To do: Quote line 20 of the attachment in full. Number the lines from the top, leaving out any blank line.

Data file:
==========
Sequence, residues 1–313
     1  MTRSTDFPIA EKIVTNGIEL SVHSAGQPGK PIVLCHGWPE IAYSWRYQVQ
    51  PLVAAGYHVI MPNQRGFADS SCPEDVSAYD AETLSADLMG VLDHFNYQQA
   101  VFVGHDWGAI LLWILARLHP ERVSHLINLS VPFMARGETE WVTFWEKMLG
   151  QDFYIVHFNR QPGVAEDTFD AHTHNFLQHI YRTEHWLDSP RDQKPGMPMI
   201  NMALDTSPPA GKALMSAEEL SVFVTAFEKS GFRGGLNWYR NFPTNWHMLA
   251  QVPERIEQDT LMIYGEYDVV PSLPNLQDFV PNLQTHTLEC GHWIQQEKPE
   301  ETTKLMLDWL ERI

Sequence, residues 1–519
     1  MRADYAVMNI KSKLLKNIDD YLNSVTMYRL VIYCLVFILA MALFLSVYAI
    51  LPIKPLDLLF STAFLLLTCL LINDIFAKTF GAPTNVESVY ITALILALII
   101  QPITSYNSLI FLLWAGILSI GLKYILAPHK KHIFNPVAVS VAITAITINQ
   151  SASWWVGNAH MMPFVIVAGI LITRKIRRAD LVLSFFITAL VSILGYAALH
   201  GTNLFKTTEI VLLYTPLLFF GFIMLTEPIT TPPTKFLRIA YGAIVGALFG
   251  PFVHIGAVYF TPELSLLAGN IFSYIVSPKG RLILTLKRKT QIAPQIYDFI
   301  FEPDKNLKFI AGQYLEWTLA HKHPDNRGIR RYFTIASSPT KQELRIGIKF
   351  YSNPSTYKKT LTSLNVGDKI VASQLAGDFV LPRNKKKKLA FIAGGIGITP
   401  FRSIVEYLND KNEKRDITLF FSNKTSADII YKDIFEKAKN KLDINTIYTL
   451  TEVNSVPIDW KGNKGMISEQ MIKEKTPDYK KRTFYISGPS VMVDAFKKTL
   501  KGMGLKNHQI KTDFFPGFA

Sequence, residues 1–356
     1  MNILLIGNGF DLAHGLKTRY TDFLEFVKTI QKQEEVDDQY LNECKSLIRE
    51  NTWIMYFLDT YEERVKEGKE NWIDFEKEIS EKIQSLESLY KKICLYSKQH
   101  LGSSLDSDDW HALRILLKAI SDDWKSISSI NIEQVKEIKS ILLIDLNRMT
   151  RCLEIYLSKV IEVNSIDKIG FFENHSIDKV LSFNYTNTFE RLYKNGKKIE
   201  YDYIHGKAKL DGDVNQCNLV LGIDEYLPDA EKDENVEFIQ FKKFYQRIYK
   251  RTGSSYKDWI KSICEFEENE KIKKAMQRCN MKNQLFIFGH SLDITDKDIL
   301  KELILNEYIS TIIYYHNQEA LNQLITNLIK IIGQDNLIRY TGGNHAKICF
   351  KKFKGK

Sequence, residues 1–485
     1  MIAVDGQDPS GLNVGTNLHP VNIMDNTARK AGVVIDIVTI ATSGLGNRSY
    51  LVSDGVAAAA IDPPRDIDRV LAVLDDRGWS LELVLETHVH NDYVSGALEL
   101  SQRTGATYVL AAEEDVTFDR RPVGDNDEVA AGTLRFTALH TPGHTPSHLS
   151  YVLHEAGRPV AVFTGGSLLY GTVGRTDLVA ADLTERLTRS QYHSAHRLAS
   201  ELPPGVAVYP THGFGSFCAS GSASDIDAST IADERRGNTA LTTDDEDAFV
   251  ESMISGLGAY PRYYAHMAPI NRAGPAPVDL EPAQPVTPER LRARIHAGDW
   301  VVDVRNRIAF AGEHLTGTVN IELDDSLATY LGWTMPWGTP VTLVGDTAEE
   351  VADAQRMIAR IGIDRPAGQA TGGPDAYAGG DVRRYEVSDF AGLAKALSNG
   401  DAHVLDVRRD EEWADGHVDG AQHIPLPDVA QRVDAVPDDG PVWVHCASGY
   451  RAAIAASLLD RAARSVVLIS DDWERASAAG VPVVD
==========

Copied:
   501  KGMGLKNHQI KTDFFPGFA